History of Hamburg

Mother Earth Travel > Germany > Hamburg > History

There is no firm evidence of settlement in Hamburg before the 4th century. Most city history´s use 810 as their starting point, when Karl the Great built a fortress called the Hammaburg, which was meant to serve as a focus point for Christian missionaries. This was built where the Alster flows into the Elbe. Despite numerous attacks by the Vikings, the settlement managed to establish itself. It was the battle against the Slavic Obriots in 832 that led to the demise of the archbishopric. The ascendancy of the Schauenburg Counts, who reigned until the 13th century enabled Hamburg to once again flourish and expand to the south of the Elbe.

May 7th 1189 is a very important date: Legend has it that this is the date that Frederick Barbarossa declared that merchants in Hamburg could trade freely. Although "Barbarossa´s Charter" was not formally drawn up until 1265, this declaration led to the founding of many merchants´ guilds and foreign trading houses. Every year this event is remembered and the Landungsbrücken are the venue for big celebrations, which celebrate the birthday of harbour.

1190 is the year in which the citizens of Hamburg actively attempted to release themselves from their aristocratic stranglehold. Unfortunately, everything they gained was lost eleven years later when the Danes conquered the city. They ruled until defeated by a militia, composed of citizens and various counts. The following years saw Hamburg become an important trade and merchant city, thanks to virtual autonomy.

In 1235 the damming of the Alster was carried out, giving the city one of its features that so many people admire today. When Hamburg joined the League of Hanseatic Cities in 1300, the city´s fortunes took a turn for the better. More extensive trade relations and the annexation of surrounding towns meant that there were ever more opportunities to exploit. At the end of the 14th century, over 7,500 people lived in the area known as Hamburg.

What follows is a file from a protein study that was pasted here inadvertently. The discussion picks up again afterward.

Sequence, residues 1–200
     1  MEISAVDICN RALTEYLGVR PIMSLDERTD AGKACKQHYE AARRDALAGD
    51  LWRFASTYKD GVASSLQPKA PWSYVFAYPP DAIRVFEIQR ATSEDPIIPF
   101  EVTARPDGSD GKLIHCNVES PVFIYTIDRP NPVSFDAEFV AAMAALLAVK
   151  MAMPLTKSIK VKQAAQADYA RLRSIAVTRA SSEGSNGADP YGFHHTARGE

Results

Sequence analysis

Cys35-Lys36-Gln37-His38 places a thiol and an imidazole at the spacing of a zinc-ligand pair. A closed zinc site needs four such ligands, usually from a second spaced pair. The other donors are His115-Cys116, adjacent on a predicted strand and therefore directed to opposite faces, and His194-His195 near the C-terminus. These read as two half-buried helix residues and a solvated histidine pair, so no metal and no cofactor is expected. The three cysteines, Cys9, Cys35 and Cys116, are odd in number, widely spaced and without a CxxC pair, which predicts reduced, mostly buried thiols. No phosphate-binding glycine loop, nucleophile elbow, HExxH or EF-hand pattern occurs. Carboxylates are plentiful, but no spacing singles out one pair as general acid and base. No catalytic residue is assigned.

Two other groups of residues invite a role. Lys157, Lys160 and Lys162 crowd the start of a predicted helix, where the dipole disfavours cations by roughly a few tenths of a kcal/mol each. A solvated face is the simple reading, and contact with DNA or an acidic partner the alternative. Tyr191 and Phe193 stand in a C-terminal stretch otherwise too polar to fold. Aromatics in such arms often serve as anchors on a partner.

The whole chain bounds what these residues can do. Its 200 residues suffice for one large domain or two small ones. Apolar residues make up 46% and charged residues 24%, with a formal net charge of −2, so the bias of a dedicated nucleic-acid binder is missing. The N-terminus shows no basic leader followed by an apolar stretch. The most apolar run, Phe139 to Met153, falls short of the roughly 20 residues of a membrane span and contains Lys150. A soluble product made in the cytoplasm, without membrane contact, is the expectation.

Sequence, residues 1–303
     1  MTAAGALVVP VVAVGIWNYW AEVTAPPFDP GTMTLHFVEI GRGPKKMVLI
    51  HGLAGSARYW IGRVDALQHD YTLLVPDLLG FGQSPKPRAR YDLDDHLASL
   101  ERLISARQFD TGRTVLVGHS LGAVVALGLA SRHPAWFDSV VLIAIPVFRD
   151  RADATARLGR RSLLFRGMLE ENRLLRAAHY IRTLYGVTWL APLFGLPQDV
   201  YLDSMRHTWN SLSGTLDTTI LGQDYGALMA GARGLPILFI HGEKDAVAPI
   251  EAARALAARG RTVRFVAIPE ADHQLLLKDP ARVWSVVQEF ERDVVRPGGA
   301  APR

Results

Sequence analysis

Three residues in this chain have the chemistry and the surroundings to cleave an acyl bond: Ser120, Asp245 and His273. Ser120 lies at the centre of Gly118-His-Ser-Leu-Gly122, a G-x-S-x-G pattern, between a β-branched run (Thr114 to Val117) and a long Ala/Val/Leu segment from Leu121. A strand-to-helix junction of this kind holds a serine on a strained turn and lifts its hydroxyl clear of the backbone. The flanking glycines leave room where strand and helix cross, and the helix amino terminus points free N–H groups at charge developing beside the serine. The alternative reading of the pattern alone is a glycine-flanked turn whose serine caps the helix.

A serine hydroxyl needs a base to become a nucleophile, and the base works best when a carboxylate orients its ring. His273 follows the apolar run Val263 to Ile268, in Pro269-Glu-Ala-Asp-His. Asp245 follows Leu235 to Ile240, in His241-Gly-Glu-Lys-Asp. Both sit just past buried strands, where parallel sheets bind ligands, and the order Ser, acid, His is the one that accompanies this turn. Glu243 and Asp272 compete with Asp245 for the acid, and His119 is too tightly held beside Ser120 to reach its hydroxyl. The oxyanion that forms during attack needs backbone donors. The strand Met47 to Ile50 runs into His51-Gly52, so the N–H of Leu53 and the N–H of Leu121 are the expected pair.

Around 1400, the piracy on the North Sea became ever more threatening for Hamburg. The city founded its own navy, which finally defeated the threat of priracy in 1525. Despite the second occupation by the Danes, the Hanseatic city was able to maintain its privileges and trade freely both within Germany and with other nations.

In 1510, the Emperor Maximillian I made Hamburg an Imperial City. This meant that the city was directly subordinate to his person and therefore formed an important step in gaining emancipation from the Danes.

During the religious disputes of the 16th century, many Protestants and Jews sought refuge in Hamburg, thus adding a new dimension to the city. The resulting increase in population provided an economic and cultural stimulus.

The discoveries of the 15th century provided new opportunities for trade. In the span of a few years, the Hafen became one of the most important in the world and the city became one of Europe´s biggest trading venues. The fort of Wallanlagen, erected in 1616, is an indicator of this rise in significance. The city´s internal disputes, between the citizens and the city council almost laid the city lame. These disputes continued to dog the political scene, until intervention from the Kaiser in 1712, finally brought them to an end.

In the 18th century, the economy of Hamburg continued to grow steadily and at the turn of the century, the population totalled 130,000. The end of the old German Empire meant that the city could finally become fully autonomous. From this time on, Hamburg has been known as the Free Hanseatic Town. In 1810, Napoleon invaded Hamburg and this led to a significant downturn in fortune until the French left the city again in 1814. The Congress of Vienna in 1815 guaranteed the freedom of the city and it subsequently joined the German Federation.